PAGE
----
Europe’s Power Generation Industry Evolves

The European Union (EU) is unequivocally continuing down a path of global climate and energy leadership while bringing online more carbon-neutral fuel systems throughout its 28 member states, closing in on the 2020 goal of a 20% reduction in greenhouse gas emissions (GHG) from 1990 levels. Indeed, the newly released European Environment 
Agency’s (EEA’s) Trends and projections in Europe 2017: Tracking progress towards Europe’s climate and energy targets report confirms that the EU is well on track to meet those targets.

Official data from 2015 show that GHG emissions have already decreased beyond the 20% reduction target, and energy use from renewable sources is steadily growing and getting closer to the official 20% target. 2016 data and 2017 projections support that continuing trend as the share of renewables in the EU energy mix continues to grow, reaching an estimated 16.9% share of the EU’s gross final energy consumption in 2016, according to preliminary EEA data.

But the ability to meet the even more ambitious 2030 and 2050 targets, even at this rate of progress, continues to be illusive as coal usage and the rate of energy transformation differs greatly across the continent. According to the assessment, the EU and its member states “will have to intensify their efforts considerably,” and “the pace of GHG emission reductions after 2020 should actually increase in order to achieve targets, rather than slow down as is currently
 projected.” To achieve the stated 2030 goals, the reduction “will have to be two to three times greater than the decrease from current levels,” itself an even greater transformation than previously seen.

Though 21 states are on track to meet their 2020 targets, economic leader Germany is not. However, seven EU countries are already coal-free, and France, the UK, Finland, the Netherlands, Portugal, and Italy plan to end coal generation within 10 to 15 years.

To the east, Poland, Europe’s second-largest coal miner and burner, while certainly adopting more renewables, is less receptive to phasing out coal at all—instead turning toward modifications and upgrades at existing power plants, building new coal burning plants, and investing in carbon capture and sequestration.

Germany’s Failing Energiewende

While Europe’s largest economy regularly generates a third or more of its electricity through renewables, overall carbon emissions have not declined. Indeed, the German Environment Agency calculated that emissions will climb to 906 million tons of CO2 in 2016—the highest in Europe. 2017 interim figures suggest another increase. Many experts believe the country will not be able to cut emissions enough by 2020 to reduce its carbon output by 40% (compared to its 1990 levels) or 55% by 2030. As these immediate goals slip out of reach, only a dramatic reversal can return the nation toward its self-stated goal of cutting emissions by 95% by 2050.

In early December, German politicians were still struggling to agree on a new coalition government, with neither of the two biggest parties calling for a fixed-term coal-burning phase-out. Indeed, Europe’s largest producer and burner of coal will receive an estimated 40% or more of its net power in 2017 from a mixture of hard coal (15%) and lignite (25%). Incidentally, Germany is the world’s largest producer of lignite. Despite growing protests, coal developers are preparing new surface mines.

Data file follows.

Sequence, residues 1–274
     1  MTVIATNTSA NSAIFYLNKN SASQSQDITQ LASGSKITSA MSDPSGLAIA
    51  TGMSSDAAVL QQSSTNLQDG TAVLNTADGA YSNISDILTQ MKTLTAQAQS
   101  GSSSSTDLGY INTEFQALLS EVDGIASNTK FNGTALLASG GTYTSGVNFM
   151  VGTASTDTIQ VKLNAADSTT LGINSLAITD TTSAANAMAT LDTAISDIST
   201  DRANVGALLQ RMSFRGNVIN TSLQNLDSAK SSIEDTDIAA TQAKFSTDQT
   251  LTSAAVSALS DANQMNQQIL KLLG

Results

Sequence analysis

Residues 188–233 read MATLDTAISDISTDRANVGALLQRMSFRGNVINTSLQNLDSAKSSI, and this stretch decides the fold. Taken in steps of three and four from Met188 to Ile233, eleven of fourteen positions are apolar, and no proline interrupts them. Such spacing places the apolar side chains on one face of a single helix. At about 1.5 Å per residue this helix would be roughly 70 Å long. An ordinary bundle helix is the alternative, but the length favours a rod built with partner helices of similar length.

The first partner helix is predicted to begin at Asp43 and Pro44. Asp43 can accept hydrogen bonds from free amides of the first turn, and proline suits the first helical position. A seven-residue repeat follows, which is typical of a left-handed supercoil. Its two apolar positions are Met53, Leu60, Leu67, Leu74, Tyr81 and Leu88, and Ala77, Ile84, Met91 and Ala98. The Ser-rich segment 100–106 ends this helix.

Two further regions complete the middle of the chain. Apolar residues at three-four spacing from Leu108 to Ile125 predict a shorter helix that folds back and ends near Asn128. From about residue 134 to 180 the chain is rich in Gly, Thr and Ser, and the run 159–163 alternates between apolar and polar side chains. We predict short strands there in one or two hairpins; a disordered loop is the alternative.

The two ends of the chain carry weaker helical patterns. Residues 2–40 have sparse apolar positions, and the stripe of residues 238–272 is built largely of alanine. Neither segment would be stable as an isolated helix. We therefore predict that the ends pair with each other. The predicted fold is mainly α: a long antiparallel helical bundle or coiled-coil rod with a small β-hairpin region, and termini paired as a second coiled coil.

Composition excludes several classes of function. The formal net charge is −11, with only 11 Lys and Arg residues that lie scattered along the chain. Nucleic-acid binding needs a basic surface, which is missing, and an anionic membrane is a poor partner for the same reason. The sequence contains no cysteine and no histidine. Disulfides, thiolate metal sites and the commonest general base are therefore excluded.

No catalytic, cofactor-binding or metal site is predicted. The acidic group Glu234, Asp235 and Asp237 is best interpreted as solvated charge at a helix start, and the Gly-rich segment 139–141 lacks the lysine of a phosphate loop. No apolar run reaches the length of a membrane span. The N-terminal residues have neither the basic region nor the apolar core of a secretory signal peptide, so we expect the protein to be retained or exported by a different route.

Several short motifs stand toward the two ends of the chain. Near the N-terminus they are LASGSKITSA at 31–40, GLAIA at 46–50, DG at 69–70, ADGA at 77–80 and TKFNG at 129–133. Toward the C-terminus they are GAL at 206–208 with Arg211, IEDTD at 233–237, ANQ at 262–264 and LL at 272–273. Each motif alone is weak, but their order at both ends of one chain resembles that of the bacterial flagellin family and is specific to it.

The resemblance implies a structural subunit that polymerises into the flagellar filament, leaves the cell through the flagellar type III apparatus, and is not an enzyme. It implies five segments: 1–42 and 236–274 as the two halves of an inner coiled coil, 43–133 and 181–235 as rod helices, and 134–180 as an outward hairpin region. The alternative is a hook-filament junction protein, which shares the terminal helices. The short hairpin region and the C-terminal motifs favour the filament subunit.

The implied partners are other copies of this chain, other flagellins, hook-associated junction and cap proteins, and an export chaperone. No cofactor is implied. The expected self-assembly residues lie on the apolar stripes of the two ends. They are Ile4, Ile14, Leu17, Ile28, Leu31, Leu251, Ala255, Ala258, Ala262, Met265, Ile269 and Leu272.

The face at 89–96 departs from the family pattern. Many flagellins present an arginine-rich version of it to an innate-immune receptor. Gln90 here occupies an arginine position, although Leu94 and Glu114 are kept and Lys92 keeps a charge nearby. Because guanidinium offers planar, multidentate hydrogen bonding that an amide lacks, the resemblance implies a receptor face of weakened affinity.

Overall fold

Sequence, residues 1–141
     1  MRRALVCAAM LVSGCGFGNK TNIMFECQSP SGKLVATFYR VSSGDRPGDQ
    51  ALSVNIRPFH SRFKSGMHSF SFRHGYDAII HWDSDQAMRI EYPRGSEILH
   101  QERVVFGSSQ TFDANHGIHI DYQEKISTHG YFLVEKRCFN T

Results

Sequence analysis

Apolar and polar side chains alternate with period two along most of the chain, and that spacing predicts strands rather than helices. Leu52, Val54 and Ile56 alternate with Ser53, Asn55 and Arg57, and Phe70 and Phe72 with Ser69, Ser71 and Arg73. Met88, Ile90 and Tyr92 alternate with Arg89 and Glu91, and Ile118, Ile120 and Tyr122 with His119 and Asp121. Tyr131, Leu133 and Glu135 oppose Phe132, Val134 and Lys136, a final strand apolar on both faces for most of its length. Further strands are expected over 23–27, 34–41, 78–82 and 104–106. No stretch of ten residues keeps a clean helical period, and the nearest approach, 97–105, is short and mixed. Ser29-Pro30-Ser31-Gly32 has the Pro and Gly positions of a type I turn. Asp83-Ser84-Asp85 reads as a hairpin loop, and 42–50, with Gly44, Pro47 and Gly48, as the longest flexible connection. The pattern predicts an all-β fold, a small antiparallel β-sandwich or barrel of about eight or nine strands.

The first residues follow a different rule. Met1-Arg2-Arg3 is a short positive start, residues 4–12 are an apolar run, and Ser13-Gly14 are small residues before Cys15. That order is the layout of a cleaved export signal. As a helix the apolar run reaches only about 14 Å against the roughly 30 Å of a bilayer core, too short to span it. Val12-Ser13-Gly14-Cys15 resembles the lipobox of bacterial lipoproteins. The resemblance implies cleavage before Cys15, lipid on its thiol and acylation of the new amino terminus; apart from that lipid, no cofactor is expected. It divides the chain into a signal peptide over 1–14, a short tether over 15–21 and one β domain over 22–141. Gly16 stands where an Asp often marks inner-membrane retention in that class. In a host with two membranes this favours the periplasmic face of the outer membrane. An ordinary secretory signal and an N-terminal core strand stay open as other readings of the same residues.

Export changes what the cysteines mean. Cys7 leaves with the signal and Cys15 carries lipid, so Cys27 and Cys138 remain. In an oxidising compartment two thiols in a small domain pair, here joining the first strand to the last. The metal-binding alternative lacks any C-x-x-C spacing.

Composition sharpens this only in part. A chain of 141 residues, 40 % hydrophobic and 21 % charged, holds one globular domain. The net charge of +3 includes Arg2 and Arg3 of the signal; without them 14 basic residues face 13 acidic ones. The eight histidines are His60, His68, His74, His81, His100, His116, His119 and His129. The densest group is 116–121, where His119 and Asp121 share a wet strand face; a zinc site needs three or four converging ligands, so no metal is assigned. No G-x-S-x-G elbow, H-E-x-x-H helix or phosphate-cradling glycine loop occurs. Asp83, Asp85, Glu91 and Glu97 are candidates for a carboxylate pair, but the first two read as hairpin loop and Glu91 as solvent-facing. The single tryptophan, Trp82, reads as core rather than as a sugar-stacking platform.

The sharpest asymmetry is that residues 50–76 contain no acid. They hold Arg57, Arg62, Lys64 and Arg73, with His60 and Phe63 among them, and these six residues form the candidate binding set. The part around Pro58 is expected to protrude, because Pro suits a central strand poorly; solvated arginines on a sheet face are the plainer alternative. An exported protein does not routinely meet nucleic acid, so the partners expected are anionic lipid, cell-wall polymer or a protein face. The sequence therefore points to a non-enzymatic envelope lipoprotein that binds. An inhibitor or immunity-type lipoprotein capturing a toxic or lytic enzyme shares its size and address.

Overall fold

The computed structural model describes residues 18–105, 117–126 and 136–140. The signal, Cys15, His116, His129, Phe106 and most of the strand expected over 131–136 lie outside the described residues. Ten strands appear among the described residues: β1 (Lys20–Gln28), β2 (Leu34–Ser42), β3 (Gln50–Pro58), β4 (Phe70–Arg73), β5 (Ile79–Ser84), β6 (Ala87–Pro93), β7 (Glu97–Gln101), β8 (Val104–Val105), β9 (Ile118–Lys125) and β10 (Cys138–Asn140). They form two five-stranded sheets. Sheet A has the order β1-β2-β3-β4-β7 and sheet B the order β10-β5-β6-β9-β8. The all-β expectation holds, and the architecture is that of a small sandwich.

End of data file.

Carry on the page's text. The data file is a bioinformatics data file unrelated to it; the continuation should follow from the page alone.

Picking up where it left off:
Among Europe’s power plants, Germany’s lignite facilities constitute six of the 10 largest GHG emitters. Without subsidies, it’s unlikely the plants would be profitable, but the feared disruption to local economies if they closed or if mining stopped are still seen as too great—a view shared by the center-left Social Democratic Party (SPD), which will likely continue to rule along with Angela Merkel’s more conservative Christian Democratic Union party. Indeed, as the unions that work within both industries are among the SPD’s most ardent supporters, it’s difficult to envision how the new government will meet any of its promised emissions targets.

French Reducing Reliance on Nuclear

According to Reuters and several French publications, Nicolas Hulot, minister of ecological and solidarity transition, promised that by the end of 2018 France will detail how many nuclear reactors it will close to meet a self-imposed target to reduce atomic generation. While the country has just backed away from a pledge to cut the share of atomic energy to 50% by 2025 from approximately 75% currently, various government spokespeople have instead promised at least a gradual reduction toward that limit by 2030.

But with almost a quarter million jobs directly tied to nuclear generation, all movement away from atom power will be taken very carefully. Hulot said in July that as many as 17 of France’s 58 reactors may need to close to meet the target, but he did not stick to that forecast in later comments and offered no timeline for when any action would be taken.

Either way, French nuclear output in November fell to a record low just above 30 TWh with output so far this year trailing 2016 by more than 5 TWh. The reduction has put state energy producer EDF’s annual output target of 383 TWh at risk, according to an analysis of monthly production data from grid operator RTE. EDF operates all of the French reactors, and it has estimated the cost to maintain and upgrade the fleet will be close to €45 billion through 2025. EDF is facing a break up in the near future, however, perhaps patterned after the split of German energy provider RWE, with older legacy nuclear plants remaining in one company and newer renewable facilities being part of the spun-off firm.

Lee Buchsbaum (www.lmbphotography.com), a former editor and contributor to Coal Age, Mining, and EnergyBiz, has covered coal and other industrial subjects for nearly 20 years and is a seasoned industrial photographer.